White House and Democrats Near Deal on Aid for Small Businesses

Republicans have also expressed strong opposition to adding money for states and municipalities, saying Democrats have pushed for unrestricted funds, not related to the coronavirus, that would effectively subsidize bad fiscal decisions that occurred before the pandemic. That has been a red line for Republicans throughout the talks.

But after the funding for the Paycheck Protection Program lapsed, Republicans expressed the first hints of openness to accepting at least some of the Democrats’ demands. In an interview with Politico on Friday, Mr. McCarthy said he was “fine with doing some hospital” funding as part of a package to shore up the program.

Some Republicans, though, have expressed skepticism about Mr. Mnuchin, whom they see as accommodating to Democrats. Asked on Thursday about how a deal that included hospital money would be received, Senator Mitch McConnell, Republican of Kentucky and the majority leader, remained noncommittal, saying only, “We’d take a look at it.”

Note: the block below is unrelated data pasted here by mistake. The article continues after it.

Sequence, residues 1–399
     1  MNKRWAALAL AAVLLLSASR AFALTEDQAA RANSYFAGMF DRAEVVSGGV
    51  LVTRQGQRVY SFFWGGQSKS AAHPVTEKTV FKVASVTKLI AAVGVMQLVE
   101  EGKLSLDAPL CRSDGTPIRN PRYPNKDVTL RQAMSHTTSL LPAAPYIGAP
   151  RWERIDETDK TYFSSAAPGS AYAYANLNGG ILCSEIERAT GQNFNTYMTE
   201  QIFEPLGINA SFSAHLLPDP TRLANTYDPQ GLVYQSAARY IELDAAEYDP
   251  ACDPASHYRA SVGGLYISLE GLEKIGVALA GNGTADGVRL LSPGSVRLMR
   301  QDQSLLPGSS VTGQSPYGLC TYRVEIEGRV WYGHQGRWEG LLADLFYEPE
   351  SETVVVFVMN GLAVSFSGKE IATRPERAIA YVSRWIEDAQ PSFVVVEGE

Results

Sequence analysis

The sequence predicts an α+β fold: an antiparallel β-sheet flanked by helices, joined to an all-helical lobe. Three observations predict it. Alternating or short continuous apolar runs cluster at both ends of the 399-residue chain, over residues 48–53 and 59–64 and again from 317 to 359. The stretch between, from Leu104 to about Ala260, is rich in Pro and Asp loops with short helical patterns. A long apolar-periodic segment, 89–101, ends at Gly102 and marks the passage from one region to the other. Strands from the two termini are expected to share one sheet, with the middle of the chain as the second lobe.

Mr. Mnuchin also said on Sunday that he was hopeful that the economy could rebound in a matter of months rather than years. He said that he hoped the extraordinary efforts the government had taken to encourage businesses to keep workers on their payrolls would prevent the jobless rate from reaching 20 percent.

Mr. McConnell hosted a call on Sunday with Mr. Mnuchin, Mr. Trump, Republican senators and Mark Meadows, the White House chief of staff, about the ongoing negotiations. Mr. McConnell said that additional funds for state and local governments, as well as more money for food assistance, would not be included in the final package, according to an aide for a Republican leader who requested anonymity to disclose details of a private phone call.

Mr. Mnuchin added that some of the unresolved items were related to funding for testing, and that he would be conferring with Mr. McConnell, Senator Lamar Alexander of Tennessee, the chairman of the Senate health committee, and Senator Roy Blunt of Missouri, the chairman of the Senate Rules Committee, to resolve the issues to ensure swift passage.

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